China’s Foreign Minister, Wang Yi, will visit India on Friday, according to Bloomberg. Relations between New Delhi and Beijing remain cold since the spring of 2020, when the People’s Liberation Army (PLA) pushed into five unheld areas along the Line of Actual Control (LAC) in eastern Ladakh and prevented Indian border guards from patrolling some disputed areas, which they used to, as per common arrangement.
The areas, in themselves, are not particularly significant. They are largely in the high-altitude and inhospitable region of Ladakh, where there is no population. They have limited military utility. But the Chinese action of not only occupying the areas but backing their action by a display of military force was a clear act of coercive diplomacy that forced India to react. In the process, the two armies clashed in Galwan river valley leading to the deaths of 20 Indians and, reportedly, five Chinese personnel. The Indian side also built up a considerable military force to match the Chinese deployments.
The Chinese actions were in violation of the existing confidence-building measures adopted in 1993, 1996, 2005 and 2012, and destroyed the regime of trust and cooperation that marked the policing of the LAC and the even tenor of Sino-Indian relations.
Wang Yi Has Always Had an India Connect
Since then, there have been repeated rounds of negotiations that have succeeded in getting the PLA to vacate the ground in Galwan, Pangong Tso, and, to some extent, in the Kugrang river valley near Gogra and reconfiguring them as “no-patrolling zones”.
Wang Yi has always had an important India connect. In the early 2000s, as Vice-Foreign Minister, he led the Chinese side on the negotiations over the status of Sikkim, which the Chinese eventually recognised as a part of India.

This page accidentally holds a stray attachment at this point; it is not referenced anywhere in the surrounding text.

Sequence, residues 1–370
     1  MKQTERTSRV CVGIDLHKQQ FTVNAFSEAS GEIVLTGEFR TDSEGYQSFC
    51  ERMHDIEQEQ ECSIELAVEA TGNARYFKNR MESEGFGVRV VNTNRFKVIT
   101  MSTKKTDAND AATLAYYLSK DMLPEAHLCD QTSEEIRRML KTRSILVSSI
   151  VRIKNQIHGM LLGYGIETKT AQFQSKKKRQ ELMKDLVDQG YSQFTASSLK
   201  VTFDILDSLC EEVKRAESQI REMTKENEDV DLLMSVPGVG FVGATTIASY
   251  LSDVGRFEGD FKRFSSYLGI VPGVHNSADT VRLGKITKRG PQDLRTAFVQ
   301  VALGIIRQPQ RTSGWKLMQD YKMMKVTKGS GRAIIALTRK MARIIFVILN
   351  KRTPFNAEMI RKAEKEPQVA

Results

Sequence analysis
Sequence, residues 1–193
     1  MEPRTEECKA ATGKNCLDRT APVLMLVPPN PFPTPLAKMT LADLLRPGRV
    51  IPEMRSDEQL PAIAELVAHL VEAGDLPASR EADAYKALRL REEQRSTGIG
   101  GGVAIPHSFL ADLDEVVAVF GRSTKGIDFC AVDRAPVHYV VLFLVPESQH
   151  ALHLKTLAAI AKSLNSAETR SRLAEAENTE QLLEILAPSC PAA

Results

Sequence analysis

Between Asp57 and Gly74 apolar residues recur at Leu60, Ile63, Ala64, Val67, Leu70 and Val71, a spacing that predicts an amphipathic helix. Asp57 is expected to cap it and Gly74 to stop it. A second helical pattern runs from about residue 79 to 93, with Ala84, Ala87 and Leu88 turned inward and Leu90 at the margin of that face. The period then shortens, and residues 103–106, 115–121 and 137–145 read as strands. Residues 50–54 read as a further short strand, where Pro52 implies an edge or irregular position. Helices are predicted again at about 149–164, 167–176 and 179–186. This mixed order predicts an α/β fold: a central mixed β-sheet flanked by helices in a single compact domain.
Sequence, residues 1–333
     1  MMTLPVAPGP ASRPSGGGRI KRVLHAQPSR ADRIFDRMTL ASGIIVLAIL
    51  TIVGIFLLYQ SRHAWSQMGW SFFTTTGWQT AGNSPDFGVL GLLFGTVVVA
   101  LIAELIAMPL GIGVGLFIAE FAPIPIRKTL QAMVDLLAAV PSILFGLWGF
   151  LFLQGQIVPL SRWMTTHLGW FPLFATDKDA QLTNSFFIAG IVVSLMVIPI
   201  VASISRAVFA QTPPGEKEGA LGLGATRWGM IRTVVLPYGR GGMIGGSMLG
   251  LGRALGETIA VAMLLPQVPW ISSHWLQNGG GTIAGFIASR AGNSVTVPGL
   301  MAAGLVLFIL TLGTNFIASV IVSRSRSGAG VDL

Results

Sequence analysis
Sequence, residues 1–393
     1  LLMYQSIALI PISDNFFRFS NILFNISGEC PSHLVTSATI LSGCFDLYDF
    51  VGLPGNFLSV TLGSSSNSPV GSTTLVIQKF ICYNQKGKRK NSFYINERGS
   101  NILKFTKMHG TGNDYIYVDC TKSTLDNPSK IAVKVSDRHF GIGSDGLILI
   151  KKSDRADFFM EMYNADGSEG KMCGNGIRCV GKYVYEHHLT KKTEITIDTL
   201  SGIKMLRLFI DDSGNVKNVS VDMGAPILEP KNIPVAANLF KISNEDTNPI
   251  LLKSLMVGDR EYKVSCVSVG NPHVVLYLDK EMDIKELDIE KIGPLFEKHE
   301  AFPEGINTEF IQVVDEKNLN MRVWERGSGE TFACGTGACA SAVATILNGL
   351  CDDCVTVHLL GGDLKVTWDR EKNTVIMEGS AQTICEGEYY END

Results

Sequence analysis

Right through the 2020 crisis, he played an important role. Within two days of the 15 June incident, India’s External Affairs Minister, S Jaishankar, called him and protested the incident “in the strongest terms”. He said that even as efforts to resolve the issue were ongoing, “the Chinese side sought to erect a structure in Galwan valley on our side of the LAC” and this had eventually resulted in the clash.
After the failure of the two armies to work things out in Galwan, he and National Security Advisor (NSA) Ajit Doval intervened in early July to effect a 3-km zone of separation there.
The meeting between Wang Yi and his Indian counterpart S Jaishankar on 11 September 2020 in Moscow gave political guidelines for a disengagement plan. The five-point joint statement spoke of concluding new CBMs.
Speaking at the All India Conference of China Studies in January 2021, Jaishankar acknowledged that Sino-Indian ties were under “exceptional stress”. He said that the determining factors for better relations were the three “mutuals” – “mutual respect, mutual sensitivity and mutual interests”. This February he said that India’s ties with China remain “at a very difficult phase” and that “the state of the border will determine the state of the relationship".